For decades, Frog’s Leap had a goal: produce a Rutherford AVA estate-grown Cabernet Sauvignon. Inspired by the early Cabernets of Inglenook and Beaulieu Vineyard, they spent 20 years finding, then farming, highly sought-after land in Rutherford, with particular attention to the iconic Rutherford Bench. This stretch of land, resting on the fast-draining gravel bed of a long-gone river, is not really a bench at all. (There is little question that this is some of Napa’s most prized real estate, though.)
It all began with the acquisition of the Red Barn Vineyard in 1994, the official move to Rutherford. This prime location provided a century-old facility and 40 acres perfectly suited to Merlot and Cabernet Sauvignon. Immediately following the move, Frank Leeds, longtime Frog’s Leap vineyard manager, agreed to a partnership between Frog’s Leap and his family’s Chavez Leeds Vineyard. This generational vineyard situated on the Rutherford Bench gave the first real taste of how complex and connected dry-farmed, organically-grown Cabernet Sauvignon could be.
In 2007, the Frog’s Leap purchased the historic Rutherford Bench Rossi Vineyard. Now mostly planted to Cabernet Sauvignon and Cabernet Franc, the 50 acre Rossi Vineyard completed the picture by yielding high quality Rutherford grapes. The winery had achieved its goal of an entirely estate-grown Cabernet Sauvignon that can stand the test of time.
The 2015 vintage follows the path set with earlier vintages of the estate Cabernet, but it does it with a twist. Frog’s Leap often include a small addition of Cabernet Franc in the blend – it adds lift and vibrancy. There’s a little Cabernet Franc in the 2015. It became clear that the 2015 could use a little Merlot, too, to round the edges and present a more supple palate. After many trial blends, the addition of 13% Merlot from the vineyard’s Rossi blocks made the cut.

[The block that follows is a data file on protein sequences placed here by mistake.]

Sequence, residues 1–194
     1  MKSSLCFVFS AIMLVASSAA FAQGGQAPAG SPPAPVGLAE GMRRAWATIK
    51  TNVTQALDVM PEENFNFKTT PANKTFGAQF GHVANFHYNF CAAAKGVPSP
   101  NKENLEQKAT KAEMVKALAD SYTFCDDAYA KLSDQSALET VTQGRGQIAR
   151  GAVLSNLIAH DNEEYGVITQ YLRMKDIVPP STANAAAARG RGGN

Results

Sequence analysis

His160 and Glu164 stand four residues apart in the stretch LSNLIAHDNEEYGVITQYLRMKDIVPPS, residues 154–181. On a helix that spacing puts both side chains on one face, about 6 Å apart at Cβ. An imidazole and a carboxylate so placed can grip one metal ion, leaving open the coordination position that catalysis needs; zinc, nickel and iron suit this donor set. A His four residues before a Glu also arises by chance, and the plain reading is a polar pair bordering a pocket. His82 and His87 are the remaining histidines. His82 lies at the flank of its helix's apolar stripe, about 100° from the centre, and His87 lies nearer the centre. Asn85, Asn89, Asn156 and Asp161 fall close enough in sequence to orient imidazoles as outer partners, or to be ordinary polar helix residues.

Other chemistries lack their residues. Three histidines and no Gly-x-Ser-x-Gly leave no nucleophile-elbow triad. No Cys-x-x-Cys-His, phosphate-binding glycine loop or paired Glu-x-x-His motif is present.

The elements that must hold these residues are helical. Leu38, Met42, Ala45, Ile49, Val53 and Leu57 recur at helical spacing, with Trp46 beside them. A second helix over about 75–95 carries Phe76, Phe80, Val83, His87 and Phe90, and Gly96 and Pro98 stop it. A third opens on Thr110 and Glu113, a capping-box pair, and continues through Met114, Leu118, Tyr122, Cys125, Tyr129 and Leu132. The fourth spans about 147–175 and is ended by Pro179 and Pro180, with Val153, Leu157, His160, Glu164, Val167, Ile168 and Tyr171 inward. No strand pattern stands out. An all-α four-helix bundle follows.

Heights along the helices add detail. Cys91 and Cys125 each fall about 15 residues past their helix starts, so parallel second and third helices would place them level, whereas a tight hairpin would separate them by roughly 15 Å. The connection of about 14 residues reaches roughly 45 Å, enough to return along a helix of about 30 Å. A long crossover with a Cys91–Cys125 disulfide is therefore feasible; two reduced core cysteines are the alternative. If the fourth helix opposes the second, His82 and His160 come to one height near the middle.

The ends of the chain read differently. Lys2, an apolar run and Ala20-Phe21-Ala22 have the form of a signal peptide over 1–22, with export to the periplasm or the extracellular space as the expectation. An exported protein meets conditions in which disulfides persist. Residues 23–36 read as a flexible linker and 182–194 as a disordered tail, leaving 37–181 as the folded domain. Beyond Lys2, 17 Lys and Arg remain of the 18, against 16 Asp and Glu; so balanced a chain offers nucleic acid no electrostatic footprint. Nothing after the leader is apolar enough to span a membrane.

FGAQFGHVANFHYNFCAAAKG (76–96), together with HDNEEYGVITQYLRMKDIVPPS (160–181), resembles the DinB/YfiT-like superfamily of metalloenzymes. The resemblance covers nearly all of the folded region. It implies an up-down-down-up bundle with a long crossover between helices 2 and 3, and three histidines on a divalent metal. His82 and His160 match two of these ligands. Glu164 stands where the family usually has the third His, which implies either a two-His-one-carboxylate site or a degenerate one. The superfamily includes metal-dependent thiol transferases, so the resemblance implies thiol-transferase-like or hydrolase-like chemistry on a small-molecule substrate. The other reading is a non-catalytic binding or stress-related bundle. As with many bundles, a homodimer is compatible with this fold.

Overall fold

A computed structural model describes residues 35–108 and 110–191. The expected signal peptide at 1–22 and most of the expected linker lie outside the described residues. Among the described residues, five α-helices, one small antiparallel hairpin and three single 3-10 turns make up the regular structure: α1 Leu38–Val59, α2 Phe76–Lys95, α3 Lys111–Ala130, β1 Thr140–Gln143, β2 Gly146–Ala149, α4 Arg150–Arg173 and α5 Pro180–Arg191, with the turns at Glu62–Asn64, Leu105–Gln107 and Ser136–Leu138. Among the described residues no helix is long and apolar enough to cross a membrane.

The 2015 is a remarkable wine: rich mocha aromas, superb balance, deep flavours, long finish. Does the Merlot contribute? Certainly. Taste and see. (But please wait ten years to open – and even then give it an hour in the decanter, if you can.)
“The prevailing style of Napa cabernet today emphasizes power, weight and extravagance, but Frog’s Leap is one of a small but significant number of cabernet producers that form a kind of alternate Napa universe. They are making wines of balance and restraint that are a direct link to Napa’s past […] The Frog’s Leap wines are subtle and nuanced […] They’re easy to drink with a meal and rewarding, especially for one who has despaired of finding Napa cabernets that are table wines, not jammy fruit bombs that overwhelm food.”
Eric Asimov on Frog’s Leap Cabernet Sauvignon, The New York Times, Aug 2008